Traditional Weavers of Guatemala: Their Stories, Their Lives
We are thrilled to offer you the latest book from our dear friends and authors Deborah Chandler and Teresa Cordón, with stunning photography by Joe Coca.
Against the backdrop of Guatemala, this book presents portraits of artisans working in the ancient traditions of the Maya paired with insights into the creation of the textiles and the events that have affected their work. Weaving, spinning, and basket making have sustained the Maya economically and culturally against the pressures of change and a 36-year civil war that decimated their population. Their persistence in continuing traditional art has created some of the loveliest, most colorful textiles the world has ever known. Artisans share their personal histories, hopes, and dreams along with the products of their hands and looms. Their stories show determination in the face of unimaginable loss and hardship which instill an appreciation for the textiles themselves and for the strong people who create them.
In Traditional Weavers of Guatemala, the authors present a sensitive, detailed, and much-needed holistic interpretation of how textiles and life inseparably intertwine. - Mary A. Littrell, co-author, Artisans and Fair Trade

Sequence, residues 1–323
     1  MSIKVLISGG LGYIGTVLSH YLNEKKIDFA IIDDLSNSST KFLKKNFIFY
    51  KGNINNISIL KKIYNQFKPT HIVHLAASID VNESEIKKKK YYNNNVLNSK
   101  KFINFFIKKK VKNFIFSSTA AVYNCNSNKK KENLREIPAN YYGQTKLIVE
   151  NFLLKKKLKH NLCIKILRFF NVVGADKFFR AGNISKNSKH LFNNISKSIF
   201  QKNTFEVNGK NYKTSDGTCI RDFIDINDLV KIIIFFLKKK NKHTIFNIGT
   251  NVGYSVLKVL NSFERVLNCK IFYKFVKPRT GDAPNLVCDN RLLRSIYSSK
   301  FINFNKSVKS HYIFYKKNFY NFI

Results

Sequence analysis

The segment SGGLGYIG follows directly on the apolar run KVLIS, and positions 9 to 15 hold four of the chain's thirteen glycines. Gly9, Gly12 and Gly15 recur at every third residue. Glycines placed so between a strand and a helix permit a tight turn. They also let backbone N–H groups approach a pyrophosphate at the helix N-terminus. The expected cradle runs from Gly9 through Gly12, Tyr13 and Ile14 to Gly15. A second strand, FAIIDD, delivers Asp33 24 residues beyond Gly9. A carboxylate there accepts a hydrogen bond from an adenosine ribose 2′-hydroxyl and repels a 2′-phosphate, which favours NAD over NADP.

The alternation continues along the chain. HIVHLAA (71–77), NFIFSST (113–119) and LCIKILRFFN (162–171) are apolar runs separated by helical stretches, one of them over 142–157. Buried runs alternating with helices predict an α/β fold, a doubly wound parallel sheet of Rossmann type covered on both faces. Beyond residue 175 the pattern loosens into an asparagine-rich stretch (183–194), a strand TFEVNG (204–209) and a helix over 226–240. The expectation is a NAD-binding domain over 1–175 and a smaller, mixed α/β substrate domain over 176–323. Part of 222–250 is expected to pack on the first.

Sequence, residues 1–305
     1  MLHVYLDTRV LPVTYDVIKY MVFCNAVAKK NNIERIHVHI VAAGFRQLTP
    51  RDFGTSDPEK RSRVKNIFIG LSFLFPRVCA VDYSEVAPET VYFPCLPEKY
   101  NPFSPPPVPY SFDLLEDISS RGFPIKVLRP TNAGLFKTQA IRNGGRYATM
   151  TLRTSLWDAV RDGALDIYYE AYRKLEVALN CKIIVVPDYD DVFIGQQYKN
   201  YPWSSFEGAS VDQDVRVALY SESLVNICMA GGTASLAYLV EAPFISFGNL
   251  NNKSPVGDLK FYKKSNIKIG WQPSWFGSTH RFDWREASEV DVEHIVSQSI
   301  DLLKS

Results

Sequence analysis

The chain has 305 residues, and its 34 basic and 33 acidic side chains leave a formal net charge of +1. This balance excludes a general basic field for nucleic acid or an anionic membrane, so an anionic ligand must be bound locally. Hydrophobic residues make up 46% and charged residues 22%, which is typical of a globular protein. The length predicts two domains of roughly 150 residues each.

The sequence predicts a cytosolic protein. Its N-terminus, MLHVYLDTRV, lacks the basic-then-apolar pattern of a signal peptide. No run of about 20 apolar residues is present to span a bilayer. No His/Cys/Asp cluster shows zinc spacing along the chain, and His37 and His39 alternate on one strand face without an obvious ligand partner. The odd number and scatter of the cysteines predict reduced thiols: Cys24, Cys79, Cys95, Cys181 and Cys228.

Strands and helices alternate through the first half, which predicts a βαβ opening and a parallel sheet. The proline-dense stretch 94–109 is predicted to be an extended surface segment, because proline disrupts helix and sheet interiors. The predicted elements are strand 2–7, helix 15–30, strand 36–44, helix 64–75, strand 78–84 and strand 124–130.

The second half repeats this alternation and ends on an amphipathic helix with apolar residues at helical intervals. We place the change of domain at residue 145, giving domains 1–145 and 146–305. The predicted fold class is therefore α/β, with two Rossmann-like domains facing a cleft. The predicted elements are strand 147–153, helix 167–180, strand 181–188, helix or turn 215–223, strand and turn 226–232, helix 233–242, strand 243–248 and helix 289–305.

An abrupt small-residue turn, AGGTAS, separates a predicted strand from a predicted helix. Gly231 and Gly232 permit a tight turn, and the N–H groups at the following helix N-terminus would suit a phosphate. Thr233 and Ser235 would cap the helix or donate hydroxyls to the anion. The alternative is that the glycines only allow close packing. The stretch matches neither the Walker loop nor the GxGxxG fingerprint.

[Deborah Chandler and Teresa Cordón] have expertly woven knowledge of artisan crafts with the enduring beauty of the Guatemalan landscape and the grisly history of ethnic cleansing by the country's army and police during the recent civil war. - Kathleen Vitale, CEO, Endangered Threads Documentaries
Authors Deborah Chandler and Teresa Cordón and photographer Joe Coca carry us to a new level of appreciation for the achievement of Guatemalas artists. The authors deep knowledge and love of their subjects shine on every page. - Marilyn Anderson, co-director, Pro Arte Maya
Deborah Chandler and Teresa Cordón weave a tale as rich and textured as the cloth they describe. It is a triumphant tale of personal artistry and innovation. - Mary Anne Wise, president and co-founder, Cultural Cloth
Weavers will especially love the detailed information about textile techniques, but every reader will love this tour of Guatemala and introduction to its people. - Madelyn van der Hoogt, editor emerita, Handwoven
About the Authors
Deborah Chandler is the creator and director of Weaving Futures, where she has had the pleasure and honor of working with many Mayan weavers. She is the author of Learning to Weave. She lives in Guatemala. Teresa Cordón is the owner of the award-winning Comercial Naleb, a handwoven hat business. She is an avid provider of education and marketing for the work of Mayan artisans. She lives in Guatemala. Joe Coca is a photographer of people from all walks of life over five continents, industrial products and installations, architecture, food, and especially handcrafted textiles and other artisan goods. He lives in Fort Collins, Colorado.